Officials scaled back their search efforts Monday for missing Arcadia Firefighter Mike Herdman after finding few clues of his whereabouts in the past weeks.
“We don’t have any actual search teams down there today, it’s just an aerial search now,” said Capt. Don Aguilar, of the Ventura County Sheriff’s Department. “That critical time, that time where we believe he is still alive, has gone by. It’s tough to survive out there past a week. We’ve given a good push on this and covered a lot of area and haven’t come up with much at all.”
A crew of six Arcadia firefighters continued to scour the forest Monday despite the officials ending their ground search, according to Beth Stogner, a spokeswoman for Arcadia Fire Department.
“They plan to be out there for the next few days, or less, until they find Mike,” Stogner said. “There’s always a chance and that’s why we’re still there.”
Stogner described Arcadia Fire Department as a close-knit family.
“We’re still remaining hopeful, remaining prayerful,” she said.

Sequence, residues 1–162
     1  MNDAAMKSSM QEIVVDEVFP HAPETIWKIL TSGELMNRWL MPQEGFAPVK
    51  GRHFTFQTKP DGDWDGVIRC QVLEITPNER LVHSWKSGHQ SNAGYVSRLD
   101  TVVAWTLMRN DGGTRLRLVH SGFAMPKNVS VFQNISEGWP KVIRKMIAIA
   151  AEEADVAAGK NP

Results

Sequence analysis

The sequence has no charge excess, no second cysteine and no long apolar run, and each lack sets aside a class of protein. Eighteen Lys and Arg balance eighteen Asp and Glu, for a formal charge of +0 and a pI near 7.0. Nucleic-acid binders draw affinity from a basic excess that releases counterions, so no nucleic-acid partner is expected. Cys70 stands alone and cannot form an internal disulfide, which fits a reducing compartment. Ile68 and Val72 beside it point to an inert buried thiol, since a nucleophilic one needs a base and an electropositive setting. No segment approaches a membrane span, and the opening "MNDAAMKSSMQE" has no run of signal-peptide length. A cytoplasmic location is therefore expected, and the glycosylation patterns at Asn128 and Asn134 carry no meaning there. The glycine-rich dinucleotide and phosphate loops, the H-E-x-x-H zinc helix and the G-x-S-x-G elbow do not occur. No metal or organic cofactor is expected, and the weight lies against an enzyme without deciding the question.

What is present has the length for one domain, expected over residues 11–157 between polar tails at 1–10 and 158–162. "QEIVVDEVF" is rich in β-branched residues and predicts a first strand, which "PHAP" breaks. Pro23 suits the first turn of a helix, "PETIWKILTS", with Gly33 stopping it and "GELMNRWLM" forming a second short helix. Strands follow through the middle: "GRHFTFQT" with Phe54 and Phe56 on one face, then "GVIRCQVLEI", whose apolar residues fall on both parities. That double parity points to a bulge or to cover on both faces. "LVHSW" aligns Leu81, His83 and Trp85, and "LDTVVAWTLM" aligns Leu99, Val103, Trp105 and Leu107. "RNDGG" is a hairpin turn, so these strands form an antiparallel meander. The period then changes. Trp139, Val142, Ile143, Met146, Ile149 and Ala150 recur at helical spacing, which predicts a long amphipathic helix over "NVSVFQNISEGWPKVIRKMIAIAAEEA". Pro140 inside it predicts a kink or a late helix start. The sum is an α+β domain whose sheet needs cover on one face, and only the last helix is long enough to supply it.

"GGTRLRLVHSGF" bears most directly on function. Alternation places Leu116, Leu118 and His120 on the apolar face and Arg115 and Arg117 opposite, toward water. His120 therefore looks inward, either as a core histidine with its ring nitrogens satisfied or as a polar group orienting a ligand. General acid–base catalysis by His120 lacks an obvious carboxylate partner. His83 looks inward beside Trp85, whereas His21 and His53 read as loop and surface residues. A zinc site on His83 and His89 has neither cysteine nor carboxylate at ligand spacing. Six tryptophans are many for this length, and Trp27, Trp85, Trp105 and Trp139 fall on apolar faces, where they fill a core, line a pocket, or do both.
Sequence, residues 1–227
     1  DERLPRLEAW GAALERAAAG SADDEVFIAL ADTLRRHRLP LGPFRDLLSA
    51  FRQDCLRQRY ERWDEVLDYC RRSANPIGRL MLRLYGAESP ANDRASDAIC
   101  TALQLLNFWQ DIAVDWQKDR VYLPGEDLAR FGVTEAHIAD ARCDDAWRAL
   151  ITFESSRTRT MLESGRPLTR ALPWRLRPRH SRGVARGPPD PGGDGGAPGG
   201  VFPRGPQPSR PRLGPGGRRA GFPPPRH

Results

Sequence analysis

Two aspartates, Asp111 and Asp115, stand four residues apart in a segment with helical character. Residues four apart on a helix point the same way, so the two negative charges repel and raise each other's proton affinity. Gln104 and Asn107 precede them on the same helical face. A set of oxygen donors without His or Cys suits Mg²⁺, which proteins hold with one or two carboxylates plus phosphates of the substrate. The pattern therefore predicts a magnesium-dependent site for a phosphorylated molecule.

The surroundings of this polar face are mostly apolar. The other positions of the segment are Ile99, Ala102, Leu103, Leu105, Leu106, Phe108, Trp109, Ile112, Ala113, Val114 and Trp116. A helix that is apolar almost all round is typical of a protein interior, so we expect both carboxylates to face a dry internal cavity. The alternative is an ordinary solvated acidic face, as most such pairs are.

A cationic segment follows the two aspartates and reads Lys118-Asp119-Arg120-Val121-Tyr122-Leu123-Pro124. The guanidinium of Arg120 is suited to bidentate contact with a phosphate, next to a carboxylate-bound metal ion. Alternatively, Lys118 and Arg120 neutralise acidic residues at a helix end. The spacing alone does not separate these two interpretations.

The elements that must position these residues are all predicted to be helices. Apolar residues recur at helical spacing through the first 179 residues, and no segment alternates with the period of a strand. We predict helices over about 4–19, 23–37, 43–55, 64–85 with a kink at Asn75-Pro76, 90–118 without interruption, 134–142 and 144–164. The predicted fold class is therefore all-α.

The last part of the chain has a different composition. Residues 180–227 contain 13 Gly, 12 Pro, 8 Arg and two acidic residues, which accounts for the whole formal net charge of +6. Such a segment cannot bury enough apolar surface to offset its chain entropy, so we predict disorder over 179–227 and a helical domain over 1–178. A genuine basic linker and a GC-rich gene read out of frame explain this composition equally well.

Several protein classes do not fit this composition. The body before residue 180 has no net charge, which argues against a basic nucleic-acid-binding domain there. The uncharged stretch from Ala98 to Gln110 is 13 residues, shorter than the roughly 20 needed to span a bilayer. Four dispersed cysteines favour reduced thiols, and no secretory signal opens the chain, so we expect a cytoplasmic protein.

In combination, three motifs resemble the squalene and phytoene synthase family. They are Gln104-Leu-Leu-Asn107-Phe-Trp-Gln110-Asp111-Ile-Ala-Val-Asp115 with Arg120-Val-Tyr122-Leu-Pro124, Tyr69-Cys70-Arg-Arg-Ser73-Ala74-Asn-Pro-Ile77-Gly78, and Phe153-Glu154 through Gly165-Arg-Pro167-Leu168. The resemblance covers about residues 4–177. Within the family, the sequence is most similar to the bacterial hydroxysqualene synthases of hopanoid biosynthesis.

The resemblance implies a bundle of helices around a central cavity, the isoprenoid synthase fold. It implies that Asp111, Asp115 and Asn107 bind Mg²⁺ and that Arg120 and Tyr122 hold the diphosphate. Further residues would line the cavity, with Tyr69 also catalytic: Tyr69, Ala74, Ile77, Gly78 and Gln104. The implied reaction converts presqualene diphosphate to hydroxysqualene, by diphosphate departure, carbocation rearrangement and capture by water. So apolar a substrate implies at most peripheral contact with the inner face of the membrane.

Searchers last found evidence of Herdman Tuesday, when they came across footprints about a mile south of his camp site in the Sespe Wilderness area of Los Padres National Forest. Herdman vanished June 13 while on a camping trip with fellow Arcadia firefighter, Taylor Byars. A disoriented and dehydrated Byars emerged from the forest two days later after searching for Herdman on his own.
Herdman, an experienced outdoorsman, had camped in the area several times before. His training as a firefighter taught him to survive in extreme situations. It was Byar’s first backpacking trip, according to officials.
Byars told the sheriff’s department he last saw Herdman, half dressed and barefoot, chasing after his dog, Duke.
“We can’t overlook the great blessing we feel we have been given by having Taylor Byars home safe and sound,” Stogner said. “He is trying to regain his strength and continuing to support Mike’s family and getting himself in a condition to come back to work,”
Family and friends caught Herdman’s dog Duke on Sunday after searchers reported multiple sightings of the dog throughout the week. Duke was dehydrated and needed to get fluids intravenously, according to Stogner.
“Otherwise, he is uninjured,” she said.
Search and rescue might use the dog to try to track down Herdman.
“The dog is still in a recovery situation after being out there in the wilderness for nine days,” Aguilar said. “I think they’re waiting to see how the dog recovers and if they can utilize it, but that’s a call they have to make.”
Until more evidence is found, the operation will remain by air only, he said.
Since June 16, more than 375 people have taken part in the search, contributing more than 5,200 man-hours.